As any lean six sigma practitioner will tell you, banks need to continuously define problems, measure against benchmarks, analyze, improve, and control their PPP Forgiveness application process. With a couple of thousand applications processed over the past five weeks, we are improving our process daily. In this article, we focus on the back end of our forgiveness manufacturing process and discuss SBA rejection rates. Getting an application rejected by the SBA adds 15 to 30 minutes of time to each application as bankers need to go back and solve defects.
Our SBA acceptance rate now exceeds 81%, and are target remains at 95%. As we look to improve our process, we analyze how rejections occur and then track back where in the process we can fix the problem. Below are the most common PPP Forgiveness application problems that most transmitting banks either have solved or are well on their way to solving. Each one of these issues represents a way to improve processing efficiency banks can improve marketing, processes, or technology to help boost efficiency and allow for lower rejection rates.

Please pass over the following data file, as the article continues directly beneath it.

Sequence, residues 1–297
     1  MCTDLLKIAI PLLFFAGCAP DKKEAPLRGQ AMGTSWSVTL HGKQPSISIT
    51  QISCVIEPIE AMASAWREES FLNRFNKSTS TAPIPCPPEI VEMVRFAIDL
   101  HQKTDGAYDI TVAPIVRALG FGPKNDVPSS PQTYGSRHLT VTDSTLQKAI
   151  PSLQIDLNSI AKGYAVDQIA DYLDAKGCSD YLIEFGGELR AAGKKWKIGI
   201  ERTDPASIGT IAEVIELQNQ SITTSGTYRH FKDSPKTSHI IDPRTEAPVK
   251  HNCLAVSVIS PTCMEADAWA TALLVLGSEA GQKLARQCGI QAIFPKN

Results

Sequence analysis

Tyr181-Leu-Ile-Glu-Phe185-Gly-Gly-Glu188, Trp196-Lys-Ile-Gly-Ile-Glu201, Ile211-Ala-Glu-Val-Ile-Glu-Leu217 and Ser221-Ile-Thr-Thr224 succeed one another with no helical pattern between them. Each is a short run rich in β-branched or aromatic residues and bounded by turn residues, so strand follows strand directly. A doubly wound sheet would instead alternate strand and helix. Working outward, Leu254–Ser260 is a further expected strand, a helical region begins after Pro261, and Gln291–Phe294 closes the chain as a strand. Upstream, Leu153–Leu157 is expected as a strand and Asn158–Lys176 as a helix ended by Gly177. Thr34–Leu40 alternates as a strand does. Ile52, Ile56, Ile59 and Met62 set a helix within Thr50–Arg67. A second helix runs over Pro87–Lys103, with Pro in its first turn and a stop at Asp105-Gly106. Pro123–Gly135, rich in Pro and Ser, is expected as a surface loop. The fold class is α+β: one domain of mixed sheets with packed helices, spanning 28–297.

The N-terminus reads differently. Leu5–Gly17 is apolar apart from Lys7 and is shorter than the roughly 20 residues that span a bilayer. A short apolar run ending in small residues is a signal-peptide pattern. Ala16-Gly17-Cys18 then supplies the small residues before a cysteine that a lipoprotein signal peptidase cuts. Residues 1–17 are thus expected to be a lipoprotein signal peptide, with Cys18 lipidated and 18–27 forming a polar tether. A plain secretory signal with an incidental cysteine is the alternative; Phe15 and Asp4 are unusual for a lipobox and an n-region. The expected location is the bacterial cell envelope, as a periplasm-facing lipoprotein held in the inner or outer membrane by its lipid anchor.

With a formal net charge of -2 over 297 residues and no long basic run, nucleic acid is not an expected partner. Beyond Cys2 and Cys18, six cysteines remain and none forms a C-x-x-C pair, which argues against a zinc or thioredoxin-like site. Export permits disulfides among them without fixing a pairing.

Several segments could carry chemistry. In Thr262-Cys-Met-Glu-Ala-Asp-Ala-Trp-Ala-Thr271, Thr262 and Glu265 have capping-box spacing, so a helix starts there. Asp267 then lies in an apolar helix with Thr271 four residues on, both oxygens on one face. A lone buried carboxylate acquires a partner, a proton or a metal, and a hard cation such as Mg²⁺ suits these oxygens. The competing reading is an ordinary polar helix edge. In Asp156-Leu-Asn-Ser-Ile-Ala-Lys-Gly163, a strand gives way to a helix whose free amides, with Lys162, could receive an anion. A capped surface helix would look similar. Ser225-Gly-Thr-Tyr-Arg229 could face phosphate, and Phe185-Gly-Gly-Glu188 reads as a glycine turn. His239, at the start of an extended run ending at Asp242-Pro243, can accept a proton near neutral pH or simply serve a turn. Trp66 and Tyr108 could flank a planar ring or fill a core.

As we look to improve the process, most of the solution is to improve the technology so that the application handles more validations and quality control. The SBA is introducing new functionality around EIDL loans so that that issue will solve itself shortly. However, having a Funding Date within the Covered Period is an easy one to fix. While we tried to have humans check for this error and we tried better educating the borrower, in this case, it pays to include a validation check in the software.
In some cases, it is simply a matter of having another review and check in the system so that you have two sets of eyes to ensure you have complete payroll information or valid employee data. In other cases, the problem isn’t big enough to invest in slowing down the process or investing in added technology so better marketing and borrower education is often the answer.
As your bank transmits its PPP application to the SBA, you can use the above data to improve your process in order to get better throughput than we do.
Submitted by Chris Nichols on September 15, 2020